Panorama and HSBC: wasted airtime


Parking emotions to one side, companies percentage of total government tax income has been relentlessly trending down in every major economy for over 50 years. Given the size of savings needed to support the illusion of austerity to the bond markets (but don’t look too closely at booming public sector debt levels), the content of this weeks Panorama was sold heavily as a “look everyone, large amounts of money squirrelled away by the rich here”. Sounded like an interesting perspective, so I recorded it on iPlayer and watched it on the 40 minute train journey into London this morning.

Unfortunately, largely content free. You could summarise it as:

  • A Whistleblower in an HSBC facility in Switzerland leaked account details of many people holding large amounts of money in accounts there
  • Many people ended up coughing up extra tax money to HMRC as a result of the data leak
  • the bank gave advice to wealthy clients to lower their tax bills through schemes designed expressly for this purpose
  • Bank says they’ve reformed such practices
  • another Whistleblower says in her experience, they have not
  • Director at the centre of managing HSBC at the time was ennobled and hired as an advisor to David Cameron
  • more could be done (lots of see saws between the words “Avoidance” and “Evasion”)
  • err, I think that’s it

It then got surreal when the politician interviewed was one widely known as one whose £1.8m trust fund is fed from her fathers company that pays an effective tax rate of 3%.

So, the pursuit of a journalist who could do a thorough job and come out with some compelling (and actionable) story here remains unfulfilled. In the meantime, a few people are watching my question on Quora for which I can find no answer:

What benefits accrue to the UK by permitting large amounts of money to be held offshore in British Crown Dependencies and British Overseas Territories?

Any ideas? I sometimes wish I could get John Lanchester (one writer who is thorough and funny too) to have a crack at answering that.

Ians Brain goes all Economics on him

A couple of unconnected events in the last week. One was an article by Scott Adams of Dilbert Fame, with some observations about how Silicon Valley was really one big Psychological Experiment (see his blog post:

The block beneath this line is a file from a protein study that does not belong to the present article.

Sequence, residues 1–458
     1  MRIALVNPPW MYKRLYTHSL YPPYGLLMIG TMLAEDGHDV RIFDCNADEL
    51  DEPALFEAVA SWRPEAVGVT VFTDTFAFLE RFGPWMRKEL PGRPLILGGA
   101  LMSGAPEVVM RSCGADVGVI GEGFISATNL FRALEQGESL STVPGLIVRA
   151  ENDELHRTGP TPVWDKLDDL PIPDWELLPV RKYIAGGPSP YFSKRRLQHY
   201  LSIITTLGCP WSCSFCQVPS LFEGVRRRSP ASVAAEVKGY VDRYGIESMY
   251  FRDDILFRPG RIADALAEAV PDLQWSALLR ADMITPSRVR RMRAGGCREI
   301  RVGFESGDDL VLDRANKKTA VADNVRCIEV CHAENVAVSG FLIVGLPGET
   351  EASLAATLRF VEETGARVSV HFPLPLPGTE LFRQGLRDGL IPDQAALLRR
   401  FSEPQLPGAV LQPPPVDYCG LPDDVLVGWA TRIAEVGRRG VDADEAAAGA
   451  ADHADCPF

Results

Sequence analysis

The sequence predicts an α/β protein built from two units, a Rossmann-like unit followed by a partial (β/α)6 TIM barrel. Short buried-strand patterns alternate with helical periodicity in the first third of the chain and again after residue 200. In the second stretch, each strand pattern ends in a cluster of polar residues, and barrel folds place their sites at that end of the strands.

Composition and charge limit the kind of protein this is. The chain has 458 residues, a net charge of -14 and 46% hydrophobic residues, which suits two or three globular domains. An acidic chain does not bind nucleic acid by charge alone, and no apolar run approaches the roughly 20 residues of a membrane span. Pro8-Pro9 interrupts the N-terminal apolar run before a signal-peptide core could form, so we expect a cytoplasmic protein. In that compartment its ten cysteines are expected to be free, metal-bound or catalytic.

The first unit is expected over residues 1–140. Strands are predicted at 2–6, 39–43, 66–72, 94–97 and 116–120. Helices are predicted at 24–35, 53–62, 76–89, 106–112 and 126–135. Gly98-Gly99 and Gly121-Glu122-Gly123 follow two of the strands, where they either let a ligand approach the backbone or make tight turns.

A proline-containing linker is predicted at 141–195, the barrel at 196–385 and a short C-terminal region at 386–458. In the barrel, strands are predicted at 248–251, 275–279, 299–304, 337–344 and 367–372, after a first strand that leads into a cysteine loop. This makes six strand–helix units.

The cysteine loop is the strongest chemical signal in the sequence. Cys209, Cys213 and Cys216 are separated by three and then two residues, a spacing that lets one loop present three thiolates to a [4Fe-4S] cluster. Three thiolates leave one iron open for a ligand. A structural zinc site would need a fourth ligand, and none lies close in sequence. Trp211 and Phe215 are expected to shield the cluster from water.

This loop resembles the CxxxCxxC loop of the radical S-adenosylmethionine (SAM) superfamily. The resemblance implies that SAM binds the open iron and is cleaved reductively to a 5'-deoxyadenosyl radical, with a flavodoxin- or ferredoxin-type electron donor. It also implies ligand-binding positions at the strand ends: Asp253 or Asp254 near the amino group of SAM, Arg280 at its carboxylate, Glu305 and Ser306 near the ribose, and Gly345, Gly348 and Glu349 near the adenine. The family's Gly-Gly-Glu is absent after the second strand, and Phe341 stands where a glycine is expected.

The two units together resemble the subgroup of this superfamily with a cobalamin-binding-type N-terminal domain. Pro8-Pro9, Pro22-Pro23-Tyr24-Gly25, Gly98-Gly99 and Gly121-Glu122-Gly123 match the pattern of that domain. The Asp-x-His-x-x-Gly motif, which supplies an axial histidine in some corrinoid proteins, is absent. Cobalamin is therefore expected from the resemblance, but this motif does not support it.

It’s a further extension on a comment I once read by Max Schireson, CEO of MongoDB, reflecting on how Salespeoples compensation works – very much like paying in lottery tickets:

The main connection being that Salespeople tend to get paid in lottery tickets in Max’s case, whereas Scott thinks the same is an industry-wide phenomenon – for hundreds of startup companies in one part of California just south of San Francisco. Both hence disputing a central ethos of the American Dream – that he who works hard gets the (financial) spoils.

Today, there was a piece on BBC Radio 2 about books that people never get to finish reading. This was based on some analysis of progress of many people reading Kindle books; this being useful because researchers can see where people stop reading as they progress through each book. By far the worst case example turned out to be “Capital in the Twenty-First Century” by Thomas Piketty, where people tended to stop around Page 26 of a 700-page book.

The executive summary of this book was in fact quite pithy; it predicts that the (asset) rich will continue to get richer, to the expense of the rest of the population whose survival depends on receiving an income flow. Full review here. And that it didn’t happen last century due to two world wars and the 1930’s depression, something we’ve not experienced this century. So far. The book just went into great detail, chapter by chapter, to demonstrate the connections leading to the authors thesis, and people abandoned the book early en mass.

However, it sounds plausible to me; assets tend to hold their relative “value”, whereas money is typically deflationary (inflation of monetary values and devaluation through printing money, no longer anchored to a specific value of gold assets). Even the UK Government factor the devaluation in when calculating their future debt repayment commitments. Just hoping this doesn’t send us too far to repeat what happened to Rome a couple of thousand years ago or so (as cited in one of my previous blog posts here).

Stand back – intellectual deep thought follows:

The place where my brain shorted out was the thought that, if that trend continued, that at some point our tax regime would need to switch from being based monetary income flows to being based on assets owned instead. The implications of this would be very far reaching.

That’ll be a tough sell – at least until everyone thinks we’ve returned to a feudal system and the crowds with pitchforks appear on the scene.